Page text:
The same is true for global warming. Yes, you can always find scientists who disagree with the results and have their own ideas for what is happening.  However, they are very rare - there are still scientists who contest the idea of our universe being created via the Big Bang!  All of the data, all of the research, all of the papers published point to the same result - man-made climate change is real.  

And no, this post is not some sort of ploy to get more money from the government - hell, I don't even work on climate science!   This post is here to educate people that if we don't do something about global warming, our coastal cities could very well look like this in the not-too-distant future:

Not to mention many many other environmental disasters (some of which we may already be feeling!).

Well, this post has gone on long enough.  There is a lot more I could say on this issue, but for now, I refer you to Scientific American for more information.  And for the love of God, do NOT get your information from biased media sources like Fox News or MSNBC. 


  1. This post presents these facts as if they were a pure and true evidence, but I don't think they are, and for several reasons.

    First the fact that there is a "scientific consensus" does not mean that the conclusions are correct. There has been several scientific consensus which have been incorrect (think of the aether theory or ptolemaic models). To me, having a big consensus is actually bad since it prevents outsiders to be funded and heard by the community. You cite the big bang theory as an example of a consensus. The big bang theory is very successful at predicting some very important facts including nucleosynthesis and the CMB. But it also implies that we are surrounded by a lot of dark matter and dark energy, and we have no idea of the origin of these things. In the end, these unknowns represent 95% of the content of our universe, and still, we've never seen these in labs... Still, because of this consensus, it is very hard to question these conclusions, or worse, to propose alternative models and be heard. Science is the art of doubt, and consensus is the exact opposite of that. As scientists, we should have doubts about everything, it is the definition of our job...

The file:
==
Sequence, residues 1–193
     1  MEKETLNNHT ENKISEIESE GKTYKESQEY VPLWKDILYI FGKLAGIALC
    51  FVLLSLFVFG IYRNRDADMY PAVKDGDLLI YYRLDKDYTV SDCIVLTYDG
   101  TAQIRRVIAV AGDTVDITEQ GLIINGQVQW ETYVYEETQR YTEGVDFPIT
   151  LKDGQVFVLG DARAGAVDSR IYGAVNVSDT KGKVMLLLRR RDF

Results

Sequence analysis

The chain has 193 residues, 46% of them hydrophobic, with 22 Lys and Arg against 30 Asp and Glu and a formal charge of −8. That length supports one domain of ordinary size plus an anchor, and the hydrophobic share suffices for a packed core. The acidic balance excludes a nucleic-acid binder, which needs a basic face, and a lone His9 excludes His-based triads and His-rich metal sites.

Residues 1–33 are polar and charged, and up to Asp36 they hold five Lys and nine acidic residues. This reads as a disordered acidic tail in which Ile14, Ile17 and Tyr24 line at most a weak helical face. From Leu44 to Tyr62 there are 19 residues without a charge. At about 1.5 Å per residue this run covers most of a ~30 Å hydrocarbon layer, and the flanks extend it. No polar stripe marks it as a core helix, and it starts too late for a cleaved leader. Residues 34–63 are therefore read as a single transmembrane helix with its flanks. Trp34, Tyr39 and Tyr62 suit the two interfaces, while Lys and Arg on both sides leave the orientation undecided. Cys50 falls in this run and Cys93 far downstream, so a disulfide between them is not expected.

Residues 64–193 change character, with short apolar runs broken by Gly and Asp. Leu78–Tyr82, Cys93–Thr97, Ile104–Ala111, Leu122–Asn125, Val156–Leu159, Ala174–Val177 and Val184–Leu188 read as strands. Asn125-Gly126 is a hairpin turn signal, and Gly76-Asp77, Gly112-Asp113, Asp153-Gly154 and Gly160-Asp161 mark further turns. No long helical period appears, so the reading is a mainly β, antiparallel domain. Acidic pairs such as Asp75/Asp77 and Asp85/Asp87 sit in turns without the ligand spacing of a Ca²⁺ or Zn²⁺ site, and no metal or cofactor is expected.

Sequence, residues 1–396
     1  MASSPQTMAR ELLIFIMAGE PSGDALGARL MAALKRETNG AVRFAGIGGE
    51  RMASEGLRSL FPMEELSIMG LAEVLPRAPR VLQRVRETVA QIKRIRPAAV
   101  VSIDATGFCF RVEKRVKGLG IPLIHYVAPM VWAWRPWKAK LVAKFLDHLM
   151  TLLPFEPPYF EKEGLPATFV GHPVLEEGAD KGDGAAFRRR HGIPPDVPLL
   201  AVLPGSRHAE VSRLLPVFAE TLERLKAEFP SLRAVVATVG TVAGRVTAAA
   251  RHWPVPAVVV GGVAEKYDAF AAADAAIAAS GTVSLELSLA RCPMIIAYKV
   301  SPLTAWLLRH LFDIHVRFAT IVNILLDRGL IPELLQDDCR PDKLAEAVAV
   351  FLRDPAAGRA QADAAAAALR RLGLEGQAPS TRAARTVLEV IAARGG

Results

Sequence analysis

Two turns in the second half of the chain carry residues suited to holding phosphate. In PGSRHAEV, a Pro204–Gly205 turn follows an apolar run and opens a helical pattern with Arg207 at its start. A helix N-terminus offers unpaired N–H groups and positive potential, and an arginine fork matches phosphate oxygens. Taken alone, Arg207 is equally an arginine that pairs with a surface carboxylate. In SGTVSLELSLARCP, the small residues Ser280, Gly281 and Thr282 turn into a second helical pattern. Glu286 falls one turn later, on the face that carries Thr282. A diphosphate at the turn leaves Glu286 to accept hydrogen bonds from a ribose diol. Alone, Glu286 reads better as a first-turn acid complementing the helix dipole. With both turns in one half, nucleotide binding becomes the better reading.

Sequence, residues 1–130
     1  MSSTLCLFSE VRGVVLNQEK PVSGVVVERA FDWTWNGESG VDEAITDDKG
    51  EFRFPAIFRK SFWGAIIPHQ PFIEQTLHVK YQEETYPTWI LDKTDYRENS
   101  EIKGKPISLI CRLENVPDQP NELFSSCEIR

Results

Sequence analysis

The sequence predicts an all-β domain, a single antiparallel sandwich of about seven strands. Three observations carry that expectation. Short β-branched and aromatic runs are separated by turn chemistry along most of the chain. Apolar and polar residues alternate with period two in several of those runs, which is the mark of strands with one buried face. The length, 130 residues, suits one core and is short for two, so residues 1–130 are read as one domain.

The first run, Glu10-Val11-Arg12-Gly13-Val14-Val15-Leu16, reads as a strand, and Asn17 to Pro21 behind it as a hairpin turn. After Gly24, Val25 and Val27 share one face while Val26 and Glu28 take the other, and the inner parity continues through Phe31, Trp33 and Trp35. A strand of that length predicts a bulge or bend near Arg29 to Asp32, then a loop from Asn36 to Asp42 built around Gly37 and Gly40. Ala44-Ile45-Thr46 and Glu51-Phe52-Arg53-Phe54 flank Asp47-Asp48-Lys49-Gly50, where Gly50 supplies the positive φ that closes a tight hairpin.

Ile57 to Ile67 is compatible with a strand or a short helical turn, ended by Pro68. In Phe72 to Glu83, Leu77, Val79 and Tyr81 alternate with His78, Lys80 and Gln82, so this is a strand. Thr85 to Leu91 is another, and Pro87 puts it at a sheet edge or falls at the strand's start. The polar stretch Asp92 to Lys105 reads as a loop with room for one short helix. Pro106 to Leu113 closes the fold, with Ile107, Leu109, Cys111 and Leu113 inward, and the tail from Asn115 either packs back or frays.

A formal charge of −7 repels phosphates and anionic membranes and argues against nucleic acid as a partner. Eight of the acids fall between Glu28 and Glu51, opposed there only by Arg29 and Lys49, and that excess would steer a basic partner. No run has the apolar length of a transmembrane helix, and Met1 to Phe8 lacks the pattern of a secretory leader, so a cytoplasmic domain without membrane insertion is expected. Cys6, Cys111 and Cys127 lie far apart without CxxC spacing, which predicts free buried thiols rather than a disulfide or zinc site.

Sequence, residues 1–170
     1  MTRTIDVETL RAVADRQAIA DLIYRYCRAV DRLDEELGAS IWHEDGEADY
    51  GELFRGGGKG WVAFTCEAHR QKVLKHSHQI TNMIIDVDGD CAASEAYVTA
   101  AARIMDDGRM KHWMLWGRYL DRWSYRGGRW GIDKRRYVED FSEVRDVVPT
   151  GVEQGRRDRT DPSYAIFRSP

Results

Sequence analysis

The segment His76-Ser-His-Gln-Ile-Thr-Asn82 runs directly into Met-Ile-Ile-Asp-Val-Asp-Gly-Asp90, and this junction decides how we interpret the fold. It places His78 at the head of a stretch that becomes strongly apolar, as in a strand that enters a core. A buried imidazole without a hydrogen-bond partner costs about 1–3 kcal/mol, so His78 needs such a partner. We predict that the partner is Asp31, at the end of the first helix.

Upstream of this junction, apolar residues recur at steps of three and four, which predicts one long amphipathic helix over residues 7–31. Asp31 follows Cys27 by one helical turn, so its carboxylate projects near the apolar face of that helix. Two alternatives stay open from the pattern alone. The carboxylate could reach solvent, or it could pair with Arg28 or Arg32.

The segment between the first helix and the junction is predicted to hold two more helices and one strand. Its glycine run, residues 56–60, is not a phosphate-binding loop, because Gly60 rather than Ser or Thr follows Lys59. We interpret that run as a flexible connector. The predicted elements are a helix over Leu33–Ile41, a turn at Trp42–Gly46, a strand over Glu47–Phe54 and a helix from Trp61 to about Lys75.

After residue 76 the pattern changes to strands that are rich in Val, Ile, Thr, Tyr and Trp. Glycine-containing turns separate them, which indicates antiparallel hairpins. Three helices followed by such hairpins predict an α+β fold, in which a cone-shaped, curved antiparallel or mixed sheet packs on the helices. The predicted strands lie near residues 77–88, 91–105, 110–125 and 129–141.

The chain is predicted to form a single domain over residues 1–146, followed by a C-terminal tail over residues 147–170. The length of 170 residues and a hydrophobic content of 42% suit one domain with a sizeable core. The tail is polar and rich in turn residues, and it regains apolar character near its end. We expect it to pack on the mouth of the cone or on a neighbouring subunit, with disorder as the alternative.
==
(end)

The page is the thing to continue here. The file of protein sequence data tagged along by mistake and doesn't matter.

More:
Now, back to climate change. Nothing is strictly white or black, and so is global warming. Look at recent data ( ) showing that global warming seems to be stalling since roughly 2000 and is slowly deviating from computer models... CO2 levels are still increasing, but for some reason, the temperature have been steady for 10 years. And that's only global warming, it does not question the implication of human activity in the equation!